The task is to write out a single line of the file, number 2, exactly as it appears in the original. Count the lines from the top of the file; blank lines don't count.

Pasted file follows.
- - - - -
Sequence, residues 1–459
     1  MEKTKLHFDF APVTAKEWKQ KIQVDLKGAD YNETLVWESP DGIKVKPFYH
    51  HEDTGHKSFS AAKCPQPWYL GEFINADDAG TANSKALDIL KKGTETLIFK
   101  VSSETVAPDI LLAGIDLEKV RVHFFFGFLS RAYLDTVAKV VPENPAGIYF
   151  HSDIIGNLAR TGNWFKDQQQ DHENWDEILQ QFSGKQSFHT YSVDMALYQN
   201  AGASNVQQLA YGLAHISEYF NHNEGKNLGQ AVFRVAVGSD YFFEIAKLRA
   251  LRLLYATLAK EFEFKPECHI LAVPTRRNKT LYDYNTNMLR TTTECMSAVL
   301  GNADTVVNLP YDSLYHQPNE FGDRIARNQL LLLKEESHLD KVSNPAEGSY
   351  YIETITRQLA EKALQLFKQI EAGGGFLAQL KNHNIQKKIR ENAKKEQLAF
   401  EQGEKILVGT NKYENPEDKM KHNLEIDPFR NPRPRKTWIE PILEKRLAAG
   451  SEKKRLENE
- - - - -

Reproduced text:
     1  MEKTKLHFDF APVTAKEWKQ KIQVDLKGAD YNETLVWESP DGIKVKPFYH